Backcountry snow boarding is growing in popularity and we have seen quite an increase in snowboard use in the backcountry.  Some of our guides wrote articles last season with their thoughts on snowboards.  Contact us and we will discuss options and send you a couple of articles written by our guides.


What is the difference between alpine, cross-country, and backcountry skis?
Alpine skis are great for lift-service ski areas because of their locked down heels, wide bases and metal edges. Little to no flat terrain is encountered with this equipment.   Cross-country skis are great for moving over flat to rolling terrain because the equipment is light and kick-and-glide or skating techniques make for efficient travel. Cross-country skis work best on groomed track or on low-angle trails. Ski bases can be waxed or come with textured ‘fish scales.’ Both offer forward glide with minimal backward slide.

Backcountry skis, whether telemark or alpine touring (AT), or randonee, are the best of both styles. They allow a skier to maneuver on flat, rolling or sloped (downhill and uphill) terrain thanks to metal edges and a free-heel climbing position.

Telemark skis have a cable binding with a fully free heel that makes for efficient climbing and a graceful ‘tele’ turn descent. Alpine touring skis have a binding that can be released to allow for for free hill climbing, but then locked down for alpine-style descents.

I’m new to backcountry skiing – is that OK?

If you’re new to backcountry skiing, going on a custom tour with a private guide is a great way to be introduced to the skills, equipment, and terrain that make up the backcountry experience. Your guide will offer tips on efficient backcountry travel – from setting an up-track to removing skins – and will select a tour that complements your skiing ability.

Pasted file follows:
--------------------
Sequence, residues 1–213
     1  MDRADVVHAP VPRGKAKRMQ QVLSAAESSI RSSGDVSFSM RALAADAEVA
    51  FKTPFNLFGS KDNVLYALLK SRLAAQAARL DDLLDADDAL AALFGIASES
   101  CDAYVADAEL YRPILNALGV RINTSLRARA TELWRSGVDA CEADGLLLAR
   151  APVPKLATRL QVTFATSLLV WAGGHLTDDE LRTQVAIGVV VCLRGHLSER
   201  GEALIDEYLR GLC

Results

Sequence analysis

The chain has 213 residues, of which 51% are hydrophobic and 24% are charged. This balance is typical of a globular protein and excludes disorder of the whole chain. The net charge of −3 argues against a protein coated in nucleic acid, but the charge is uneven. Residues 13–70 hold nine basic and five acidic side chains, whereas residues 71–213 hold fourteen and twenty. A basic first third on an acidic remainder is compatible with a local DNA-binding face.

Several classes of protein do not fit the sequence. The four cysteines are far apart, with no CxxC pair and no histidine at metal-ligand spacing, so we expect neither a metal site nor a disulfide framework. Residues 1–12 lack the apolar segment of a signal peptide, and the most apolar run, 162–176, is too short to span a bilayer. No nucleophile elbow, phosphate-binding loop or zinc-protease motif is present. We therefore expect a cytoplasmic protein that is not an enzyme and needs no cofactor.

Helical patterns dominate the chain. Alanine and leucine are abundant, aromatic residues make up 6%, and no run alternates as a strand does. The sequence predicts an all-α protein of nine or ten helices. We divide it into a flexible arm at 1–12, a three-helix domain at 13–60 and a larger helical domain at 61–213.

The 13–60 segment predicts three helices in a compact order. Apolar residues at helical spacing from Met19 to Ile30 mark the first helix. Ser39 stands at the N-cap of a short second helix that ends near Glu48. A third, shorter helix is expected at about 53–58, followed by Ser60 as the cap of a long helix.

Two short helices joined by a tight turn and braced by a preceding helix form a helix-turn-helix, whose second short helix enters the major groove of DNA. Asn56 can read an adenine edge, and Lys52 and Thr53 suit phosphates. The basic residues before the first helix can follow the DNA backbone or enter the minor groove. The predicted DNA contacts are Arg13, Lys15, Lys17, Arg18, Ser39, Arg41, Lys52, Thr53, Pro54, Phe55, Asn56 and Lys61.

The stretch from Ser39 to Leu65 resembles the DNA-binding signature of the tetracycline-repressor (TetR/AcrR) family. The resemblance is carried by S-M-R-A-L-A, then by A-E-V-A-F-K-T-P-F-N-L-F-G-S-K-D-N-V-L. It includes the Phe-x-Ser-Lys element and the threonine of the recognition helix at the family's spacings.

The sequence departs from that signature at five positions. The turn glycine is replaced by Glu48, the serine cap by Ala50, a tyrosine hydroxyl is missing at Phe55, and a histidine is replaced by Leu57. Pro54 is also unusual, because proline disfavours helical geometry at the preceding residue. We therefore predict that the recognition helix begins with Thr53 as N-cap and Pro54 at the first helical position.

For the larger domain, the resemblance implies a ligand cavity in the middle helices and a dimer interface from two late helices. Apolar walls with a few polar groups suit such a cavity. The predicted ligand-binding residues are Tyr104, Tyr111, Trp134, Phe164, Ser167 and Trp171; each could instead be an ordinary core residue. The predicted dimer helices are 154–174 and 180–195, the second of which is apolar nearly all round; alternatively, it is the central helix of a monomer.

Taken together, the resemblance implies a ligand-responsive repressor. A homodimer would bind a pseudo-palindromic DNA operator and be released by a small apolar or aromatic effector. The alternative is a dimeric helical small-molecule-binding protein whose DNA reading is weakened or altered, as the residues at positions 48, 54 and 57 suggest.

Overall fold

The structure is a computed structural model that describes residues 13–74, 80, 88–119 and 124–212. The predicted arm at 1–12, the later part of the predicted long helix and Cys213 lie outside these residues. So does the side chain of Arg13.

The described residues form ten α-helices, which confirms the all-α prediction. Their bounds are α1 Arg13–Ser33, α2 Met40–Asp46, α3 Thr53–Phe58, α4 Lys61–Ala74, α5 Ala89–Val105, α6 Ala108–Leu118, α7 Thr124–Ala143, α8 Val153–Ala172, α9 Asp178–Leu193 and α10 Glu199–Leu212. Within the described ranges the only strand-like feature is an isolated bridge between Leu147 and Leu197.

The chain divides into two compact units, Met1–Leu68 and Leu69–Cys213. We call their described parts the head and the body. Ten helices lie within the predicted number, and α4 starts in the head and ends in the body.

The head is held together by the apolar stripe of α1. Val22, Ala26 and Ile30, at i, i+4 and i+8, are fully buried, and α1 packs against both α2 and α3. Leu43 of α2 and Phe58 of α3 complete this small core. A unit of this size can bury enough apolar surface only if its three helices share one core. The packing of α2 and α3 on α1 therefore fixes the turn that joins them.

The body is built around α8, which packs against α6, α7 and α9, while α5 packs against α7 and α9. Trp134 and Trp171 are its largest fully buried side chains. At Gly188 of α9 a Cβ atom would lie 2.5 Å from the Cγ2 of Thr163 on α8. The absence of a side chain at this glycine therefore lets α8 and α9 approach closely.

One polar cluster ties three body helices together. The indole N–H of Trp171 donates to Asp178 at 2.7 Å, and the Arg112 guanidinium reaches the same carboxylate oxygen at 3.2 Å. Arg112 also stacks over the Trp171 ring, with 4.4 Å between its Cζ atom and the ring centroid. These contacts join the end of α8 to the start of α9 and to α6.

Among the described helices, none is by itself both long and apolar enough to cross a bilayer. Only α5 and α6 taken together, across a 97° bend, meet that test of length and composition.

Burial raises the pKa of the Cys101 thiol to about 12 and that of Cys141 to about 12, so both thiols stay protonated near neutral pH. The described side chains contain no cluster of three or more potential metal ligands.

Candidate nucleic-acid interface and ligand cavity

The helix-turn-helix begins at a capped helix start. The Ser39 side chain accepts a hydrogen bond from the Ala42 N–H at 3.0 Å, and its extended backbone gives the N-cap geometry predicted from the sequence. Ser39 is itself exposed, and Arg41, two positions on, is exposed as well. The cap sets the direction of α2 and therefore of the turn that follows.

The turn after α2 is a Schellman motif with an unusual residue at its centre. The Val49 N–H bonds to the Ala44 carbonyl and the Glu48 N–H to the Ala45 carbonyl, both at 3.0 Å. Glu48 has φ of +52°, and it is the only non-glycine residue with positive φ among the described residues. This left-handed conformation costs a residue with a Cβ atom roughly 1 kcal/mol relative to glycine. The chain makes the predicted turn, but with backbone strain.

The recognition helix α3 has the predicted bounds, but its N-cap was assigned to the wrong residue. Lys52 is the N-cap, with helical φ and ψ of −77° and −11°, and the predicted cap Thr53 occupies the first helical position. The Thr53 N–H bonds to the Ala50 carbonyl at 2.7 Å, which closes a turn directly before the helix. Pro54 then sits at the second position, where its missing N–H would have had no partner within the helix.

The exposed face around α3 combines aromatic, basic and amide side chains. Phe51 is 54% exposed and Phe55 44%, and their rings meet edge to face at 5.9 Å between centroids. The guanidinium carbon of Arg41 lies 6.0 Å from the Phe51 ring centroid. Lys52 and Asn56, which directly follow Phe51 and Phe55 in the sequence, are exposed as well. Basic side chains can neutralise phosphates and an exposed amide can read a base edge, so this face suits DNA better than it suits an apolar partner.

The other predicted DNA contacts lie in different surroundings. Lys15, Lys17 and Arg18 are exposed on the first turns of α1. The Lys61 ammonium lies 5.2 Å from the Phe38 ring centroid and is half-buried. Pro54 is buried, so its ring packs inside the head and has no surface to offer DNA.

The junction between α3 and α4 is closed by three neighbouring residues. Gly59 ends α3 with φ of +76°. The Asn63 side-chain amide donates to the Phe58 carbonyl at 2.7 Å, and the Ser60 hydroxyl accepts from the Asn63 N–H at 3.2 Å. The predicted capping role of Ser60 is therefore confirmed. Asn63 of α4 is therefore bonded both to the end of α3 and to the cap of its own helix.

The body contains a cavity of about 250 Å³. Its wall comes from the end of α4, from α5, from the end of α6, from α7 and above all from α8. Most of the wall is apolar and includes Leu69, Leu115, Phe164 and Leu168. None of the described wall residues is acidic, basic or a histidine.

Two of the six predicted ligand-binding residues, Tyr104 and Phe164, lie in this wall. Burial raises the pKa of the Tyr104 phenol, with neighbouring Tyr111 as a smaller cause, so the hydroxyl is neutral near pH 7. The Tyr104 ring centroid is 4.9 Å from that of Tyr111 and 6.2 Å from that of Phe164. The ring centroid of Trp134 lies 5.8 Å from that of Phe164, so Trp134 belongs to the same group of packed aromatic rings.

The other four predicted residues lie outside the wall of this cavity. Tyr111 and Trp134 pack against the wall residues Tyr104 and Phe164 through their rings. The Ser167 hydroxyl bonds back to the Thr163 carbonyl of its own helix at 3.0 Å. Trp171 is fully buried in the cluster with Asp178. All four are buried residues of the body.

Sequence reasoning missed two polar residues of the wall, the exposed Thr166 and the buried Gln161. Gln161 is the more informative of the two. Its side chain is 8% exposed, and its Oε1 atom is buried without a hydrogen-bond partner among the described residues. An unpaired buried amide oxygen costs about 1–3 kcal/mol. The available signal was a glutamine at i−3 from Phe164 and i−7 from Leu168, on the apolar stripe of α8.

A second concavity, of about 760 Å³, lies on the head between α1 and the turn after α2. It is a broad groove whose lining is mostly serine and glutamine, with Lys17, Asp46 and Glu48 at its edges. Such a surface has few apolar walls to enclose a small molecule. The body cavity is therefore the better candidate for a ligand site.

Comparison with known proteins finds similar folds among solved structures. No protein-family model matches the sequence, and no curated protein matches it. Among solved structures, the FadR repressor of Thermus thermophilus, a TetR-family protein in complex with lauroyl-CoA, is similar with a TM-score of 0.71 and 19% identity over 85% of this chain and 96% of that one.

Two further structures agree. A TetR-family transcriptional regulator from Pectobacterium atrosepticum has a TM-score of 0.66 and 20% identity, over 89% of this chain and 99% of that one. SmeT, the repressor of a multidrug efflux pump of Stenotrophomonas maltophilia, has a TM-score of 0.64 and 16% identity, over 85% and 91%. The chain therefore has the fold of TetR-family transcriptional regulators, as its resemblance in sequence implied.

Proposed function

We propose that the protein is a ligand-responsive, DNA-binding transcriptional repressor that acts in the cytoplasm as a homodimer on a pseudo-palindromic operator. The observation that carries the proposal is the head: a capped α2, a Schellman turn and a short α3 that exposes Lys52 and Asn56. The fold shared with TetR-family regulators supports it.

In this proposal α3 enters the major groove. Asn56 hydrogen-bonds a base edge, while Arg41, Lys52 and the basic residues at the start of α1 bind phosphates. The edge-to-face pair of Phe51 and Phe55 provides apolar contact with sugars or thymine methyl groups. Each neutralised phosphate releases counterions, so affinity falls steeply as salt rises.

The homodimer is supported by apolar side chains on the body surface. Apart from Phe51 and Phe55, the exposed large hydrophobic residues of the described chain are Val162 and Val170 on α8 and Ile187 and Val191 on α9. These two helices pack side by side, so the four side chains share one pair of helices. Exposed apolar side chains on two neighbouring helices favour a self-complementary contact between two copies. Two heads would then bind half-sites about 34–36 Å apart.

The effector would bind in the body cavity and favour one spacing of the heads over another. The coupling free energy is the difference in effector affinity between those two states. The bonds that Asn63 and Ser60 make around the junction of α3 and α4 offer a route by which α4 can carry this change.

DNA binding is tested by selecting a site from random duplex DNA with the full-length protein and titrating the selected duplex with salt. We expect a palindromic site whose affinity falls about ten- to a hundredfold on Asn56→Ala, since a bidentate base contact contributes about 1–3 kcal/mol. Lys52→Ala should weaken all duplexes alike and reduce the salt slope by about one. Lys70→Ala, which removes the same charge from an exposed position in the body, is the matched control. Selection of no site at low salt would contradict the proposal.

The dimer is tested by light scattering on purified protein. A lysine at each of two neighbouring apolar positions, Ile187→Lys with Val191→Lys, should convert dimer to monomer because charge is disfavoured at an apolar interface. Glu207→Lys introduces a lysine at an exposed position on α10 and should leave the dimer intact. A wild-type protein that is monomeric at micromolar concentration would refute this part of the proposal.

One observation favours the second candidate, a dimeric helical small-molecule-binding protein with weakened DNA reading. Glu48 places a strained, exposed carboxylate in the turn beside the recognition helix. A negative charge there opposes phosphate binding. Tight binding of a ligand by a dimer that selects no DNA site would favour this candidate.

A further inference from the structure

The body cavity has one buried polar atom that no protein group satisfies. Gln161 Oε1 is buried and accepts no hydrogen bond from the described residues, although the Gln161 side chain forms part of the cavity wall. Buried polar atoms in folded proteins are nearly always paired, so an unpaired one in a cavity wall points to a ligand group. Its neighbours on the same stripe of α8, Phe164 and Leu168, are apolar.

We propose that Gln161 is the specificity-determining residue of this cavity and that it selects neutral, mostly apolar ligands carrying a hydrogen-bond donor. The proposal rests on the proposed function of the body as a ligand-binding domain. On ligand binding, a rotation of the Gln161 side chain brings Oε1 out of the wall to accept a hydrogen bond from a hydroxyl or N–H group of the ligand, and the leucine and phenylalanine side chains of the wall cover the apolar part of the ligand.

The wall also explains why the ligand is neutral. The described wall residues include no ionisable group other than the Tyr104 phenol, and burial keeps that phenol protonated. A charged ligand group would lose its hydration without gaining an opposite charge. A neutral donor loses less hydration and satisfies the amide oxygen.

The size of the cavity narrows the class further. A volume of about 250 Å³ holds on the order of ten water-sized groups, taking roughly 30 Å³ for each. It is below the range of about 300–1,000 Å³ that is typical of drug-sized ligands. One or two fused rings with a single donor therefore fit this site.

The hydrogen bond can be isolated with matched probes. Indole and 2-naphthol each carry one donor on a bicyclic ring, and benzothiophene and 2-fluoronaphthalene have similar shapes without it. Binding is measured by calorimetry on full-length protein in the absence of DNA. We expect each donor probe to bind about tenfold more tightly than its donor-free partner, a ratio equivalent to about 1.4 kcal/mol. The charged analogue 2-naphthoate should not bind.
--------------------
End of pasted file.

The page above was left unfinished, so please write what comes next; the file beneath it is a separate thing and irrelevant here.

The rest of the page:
Shouldn’t I be worried about avalanches? 

Colorado’s snowpack is notoriously unstable at times and demands your full attention and respect. The potential for avalanches is always our number one safety concern. Big lines in steep terrain in mid-winter is not what we offer. We select conservative routes that are appropriate to the condition of the snowpack, time of year, and size of group. Our guides have a minimum Level II certification from the American Institute for Avalanche Research and Education (AIARE). From December through March, Paragon Guides announces the daily avalanche report, issued from the Colorado Avalanche Information Center, on KZYR 97.7 FM. We require that all participants wear a beacon and carry a shovel and probe. We provide this equipment on our custom tours and hut trips. Equipment is available for rental if you’re participating on a scheduled Paragon Ski Club tour.

What are climbing skins? 

Climbing skins are used on both Telemark and AT skis for uphill travel. Skins are simply a strip of bristled nylon or natural mohair that attaches to the base of the ski. The skin allows the ski to slide forward and grip so that you don’t slip backwards. They’re kind of magical! Once you’re ready to descend, you remove the skins, fold them, and stow them in your pack or jacket until you need them again.

What skis do I need for a backcountry tour? 

You have two choices: a backcountry ski with a telemark binding (and telemark boot), or a backcountry ski with an alpine touring (AT) binding (and AT boot). Telemark set-ups allow the skier’s heel to be free both climbing and descending. If you’re new to backcountry skiing, telemark skiing can be challenging to learn without first spending time at a lift served ski resort. For this reason, alpine skiers who are new to the backcountry often prefer AT equipment, which allows for free-heel climbing and locked heel descending. Paragon Guides’ runs the Vail Valley’s only Dynafit Test Center, exclusively renting and retailing Dynafit AT boots, skis, and skins.